John E. Straub

John E. Straub (1853-1932) ─ First U of O Professor of Classical Languages, was the 1st Dean of Students at the U. of O.

Despite being a native Philadelphian, Dean John Straub embraced the University of Oregon and was an early contributor to the institution’s vibrant student life and tree-lined campus.

In 1876 Straub earned his B.A. at Mercersberg College in Pennsylvania. He relocated to Portland in search of opportunity and posted a flyer offering night school in Latin, German, Greek, geometry and rhetoric. The next day, Judge Matthew Deady met Straub with poster in hand. He introduced himself as Chairman of the Board of Regents at the University of Oregon. That same afternoon he offered Straub an appointment at the UO, and Straub took the evening train to Eugene.

When Straub joined the faculty of the University of Oregon it was 1878, only two years after DeadyHall held its first classes. At the time, there were only three other faculty members: President John Wesley Johnson, Dr. Thomas Condon, and Mark Baily.

As a professor, Straub taught Greek, German, and various subjects as needed. He also held the position of faculty secretary for 21 years, and was the Dean of Men. Straub was a member of Alpha Tau Omega fraternity, Eugene Kiwanis club and the Republican party.

During his 54 year career at the UO, Straub was known more for his connection to students rather than his academic titles. Nicknamed “Grand Old Man” of Oregon and “Daddy Straub,” he helped students find housing, jobs, and even made loans to them—all of which were paid back in full.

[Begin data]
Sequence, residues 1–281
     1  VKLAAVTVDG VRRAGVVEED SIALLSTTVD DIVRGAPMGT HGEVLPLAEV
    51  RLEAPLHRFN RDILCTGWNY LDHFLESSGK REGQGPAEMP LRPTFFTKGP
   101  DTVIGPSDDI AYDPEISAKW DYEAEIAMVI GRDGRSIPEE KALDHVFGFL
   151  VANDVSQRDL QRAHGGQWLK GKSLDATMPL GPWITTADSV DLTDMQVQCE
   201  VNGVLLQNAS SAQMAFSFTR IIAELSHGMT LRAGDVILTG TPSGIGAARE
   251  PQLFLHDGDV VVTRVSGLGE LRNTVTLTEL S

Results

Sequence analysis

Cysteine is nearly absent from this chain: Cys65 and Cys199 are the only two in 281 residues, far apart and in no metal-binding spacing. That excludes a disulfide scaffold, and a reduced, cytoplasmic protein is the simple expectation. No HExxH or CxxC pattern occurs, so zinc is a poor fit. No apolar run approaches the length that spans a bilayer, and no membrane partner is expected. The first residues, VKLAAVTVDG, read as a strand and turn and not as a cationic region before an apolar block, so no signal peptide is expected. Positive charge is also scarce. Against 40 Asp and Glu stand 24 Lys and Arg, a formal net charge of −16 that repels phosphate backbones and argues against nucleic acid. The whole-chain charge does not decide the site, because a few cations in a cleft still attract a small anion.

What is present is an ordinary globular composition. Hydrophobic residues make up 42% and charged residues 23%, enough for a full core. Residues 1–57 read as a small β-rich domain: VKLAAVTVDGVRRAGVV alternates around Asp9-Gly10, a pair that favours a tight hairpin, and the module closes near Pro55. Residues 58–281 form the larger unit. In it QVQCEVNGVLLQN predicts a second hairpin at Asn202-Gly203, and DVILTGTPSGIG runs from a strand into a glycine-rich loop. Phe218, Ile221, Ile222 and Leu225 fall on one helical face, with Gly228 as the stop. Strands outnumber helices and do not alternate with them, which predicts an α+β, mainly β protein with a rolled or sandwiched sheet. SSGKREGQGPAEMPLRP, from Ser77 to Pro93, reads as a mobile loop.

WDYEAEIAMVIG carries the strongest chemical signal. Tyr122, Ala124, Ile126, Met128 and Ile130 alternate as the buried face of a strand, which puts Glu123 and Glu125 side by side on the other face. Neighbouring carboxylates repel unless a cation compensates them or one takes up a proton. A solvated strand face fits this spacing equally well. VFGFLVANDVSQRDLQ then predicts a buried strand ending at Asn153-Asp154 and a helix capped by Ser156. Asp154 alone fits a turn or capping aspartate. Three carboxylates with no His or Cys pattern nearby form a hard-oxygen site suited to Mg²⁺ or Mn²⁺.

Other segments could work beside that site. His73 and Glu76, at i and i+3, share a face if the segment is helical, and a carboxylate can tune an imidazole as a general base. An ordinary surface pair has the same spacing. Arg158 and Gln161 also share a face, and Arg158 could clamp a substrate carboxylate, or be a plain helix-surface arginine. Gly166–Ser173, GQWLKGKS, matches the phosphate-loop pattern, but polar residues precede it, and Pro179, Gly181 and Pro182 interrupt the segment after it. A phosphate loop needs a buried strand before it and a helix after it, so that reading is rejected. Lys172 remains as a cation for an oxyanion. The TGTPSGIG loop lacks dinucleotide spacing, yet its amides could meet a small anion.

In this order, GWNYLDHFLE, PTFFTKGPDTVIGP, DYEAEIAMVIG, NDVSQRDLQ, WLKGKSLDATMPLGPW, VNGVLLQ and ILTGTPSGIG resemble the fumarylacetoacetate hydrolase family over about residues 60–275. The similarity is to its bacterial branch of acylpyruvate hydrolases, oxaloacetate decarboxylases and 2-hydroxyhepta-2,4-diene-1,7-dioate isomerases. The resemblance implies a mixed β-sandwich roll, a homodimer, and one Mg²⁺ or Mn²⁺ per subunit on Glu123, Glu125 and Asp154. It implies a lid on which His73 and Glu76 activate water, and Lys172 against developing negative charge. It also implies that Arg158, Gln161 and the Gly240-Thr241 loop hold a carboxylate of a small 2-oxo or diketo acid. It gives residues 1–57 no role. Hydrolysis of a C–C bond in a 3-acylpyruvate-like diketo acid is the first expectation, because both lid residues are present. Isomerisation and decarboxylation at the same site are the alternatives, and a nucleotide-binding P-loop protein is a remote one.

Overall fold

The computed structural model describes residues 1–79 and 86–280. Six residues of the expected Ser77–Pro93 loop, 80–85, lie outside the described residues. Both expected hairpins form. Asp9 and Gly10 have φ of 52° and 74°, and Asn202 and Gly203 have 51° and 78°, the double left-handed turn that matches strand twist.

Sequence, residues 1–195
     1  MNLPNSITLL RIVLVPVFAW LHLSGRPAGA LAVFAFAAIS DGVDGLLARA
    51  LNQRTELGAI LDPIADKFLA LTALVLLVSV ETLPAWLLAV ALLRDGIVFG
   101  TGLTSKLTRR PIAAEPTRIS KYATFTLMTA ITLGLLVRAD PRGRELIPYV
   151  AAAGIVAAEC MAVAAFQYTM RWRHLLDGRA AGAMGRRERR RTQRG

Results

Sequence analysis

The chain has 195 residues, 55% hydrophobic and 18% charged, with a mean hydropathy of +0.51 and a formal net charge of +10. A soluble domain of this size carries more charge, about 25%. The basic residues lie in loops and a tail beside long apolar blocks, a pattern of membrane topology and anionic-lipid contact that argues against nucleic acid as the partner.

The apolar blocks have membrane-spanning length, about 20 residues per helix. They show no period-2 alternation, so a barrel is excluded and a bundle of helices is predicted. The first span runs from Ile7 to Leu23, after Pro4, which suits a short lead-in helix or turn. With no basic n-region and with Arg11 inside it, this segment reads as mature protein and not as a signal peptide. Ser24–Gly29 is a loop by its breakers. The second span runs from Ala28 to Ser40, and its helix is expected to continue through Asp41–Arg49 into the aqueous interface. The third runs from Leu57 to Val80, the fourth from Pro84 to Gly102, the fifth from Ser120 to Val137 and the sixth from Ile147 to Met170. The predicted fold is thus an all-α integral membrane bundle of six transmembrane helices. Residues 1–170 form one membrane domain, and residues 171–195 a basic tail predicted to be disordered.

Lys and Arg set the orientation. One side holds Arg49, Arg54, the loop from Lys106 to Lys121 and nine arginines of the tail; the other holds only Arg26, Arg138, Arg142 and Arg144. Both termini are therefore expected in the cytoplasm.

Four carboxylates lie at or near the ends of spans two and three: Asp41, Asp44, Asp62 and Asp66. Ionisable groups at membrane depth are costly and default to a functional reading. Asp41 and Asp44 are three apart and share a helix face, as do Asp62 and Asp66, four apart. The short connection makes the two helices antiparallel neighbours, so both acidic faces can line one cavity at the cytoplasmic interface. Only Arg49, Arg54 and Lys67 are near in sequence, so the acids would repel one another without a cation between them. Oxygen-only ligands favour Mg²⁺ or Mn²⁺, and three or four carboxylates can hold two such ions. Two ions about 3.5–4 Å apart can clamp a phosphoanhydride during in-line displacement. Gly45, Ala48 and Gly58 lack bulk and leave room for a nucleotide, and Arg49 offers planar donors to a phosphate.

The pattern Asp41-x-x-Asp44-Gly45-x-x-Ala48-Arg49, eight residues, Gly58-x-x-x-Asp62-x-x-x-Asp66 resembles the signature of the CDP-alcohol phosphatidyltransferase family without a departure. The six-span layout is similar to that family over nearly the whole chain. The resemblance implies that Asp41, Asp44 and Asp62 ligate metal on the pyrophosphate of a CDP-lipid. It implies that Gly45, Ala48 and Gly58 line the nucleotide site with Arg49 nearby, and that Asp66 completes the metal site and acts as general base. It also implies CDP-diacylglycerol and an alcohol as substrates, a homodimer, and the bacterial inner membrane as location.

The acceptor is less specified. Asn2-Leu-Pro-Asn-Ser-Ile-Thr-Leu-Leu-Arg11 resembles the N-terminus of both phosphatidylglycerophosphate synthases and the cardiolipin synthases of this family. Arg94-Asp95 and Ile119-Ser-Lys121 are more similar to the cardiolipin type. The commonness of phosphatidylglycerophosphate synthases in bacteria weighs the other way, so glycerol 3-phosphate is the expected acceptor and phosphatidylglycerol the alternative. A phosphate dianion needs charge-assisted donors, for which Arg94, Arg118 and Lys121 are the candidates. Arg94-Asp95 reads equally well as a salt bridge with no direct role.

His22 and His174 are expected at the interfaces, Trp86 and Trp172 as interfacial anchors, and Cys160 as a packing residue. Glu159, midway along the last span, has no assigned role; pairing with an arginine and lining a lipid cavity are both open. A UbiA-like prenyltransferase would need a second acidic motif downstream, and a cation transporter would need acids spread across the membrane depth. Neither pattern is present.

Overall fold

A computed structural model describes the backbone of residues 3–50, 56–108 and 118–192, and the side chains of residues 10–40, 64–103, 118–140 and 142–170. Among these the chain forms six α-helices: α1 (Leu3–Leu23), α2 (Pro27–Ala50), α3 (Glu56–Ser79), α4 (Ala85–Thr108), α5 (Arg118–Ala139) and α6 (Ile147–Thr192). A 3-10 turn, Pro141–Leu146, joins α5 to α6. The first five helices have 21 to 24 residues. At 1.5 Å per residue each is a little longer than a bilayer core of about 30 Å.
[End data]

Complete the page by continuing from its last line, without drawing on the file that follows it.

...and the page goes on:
In the early years, the University of Oregon’s campus was devoid of greenery, with only two Condon Oaks located north of DeadyHall. Much of the mature landscaping on the UO campus today was established under Straub’s beautification initiative. He often hiked Spencer’s Butte with students—a pastime that continues to be enjoyed by Oregon students today.

More than half a century of public service endeared Straub to thousands. Straub was a member of Central Presbyterian Church and all branches of the Masonic Lodge up to the Shriners. This, in addition to being a popular speaker for commencement addresses at high schools around Oregon.

When he died in 1932 Straub was Dean Emeritus. A memo written by Dr. Arnold Bennett Hall, president of the university, was published in the Register Guard in September 1932, along with Straub’s obituary. It read:

“Dr. John Straub has been an inspiration to thousands of students who have passed through
the campus halls, and has been a friend to all. The greatness of his character, the warmth of
his friendship, the zeal with which he always attacked his work, will never be forgotten so
long as the institution remains. The University has lost a staunch friend.”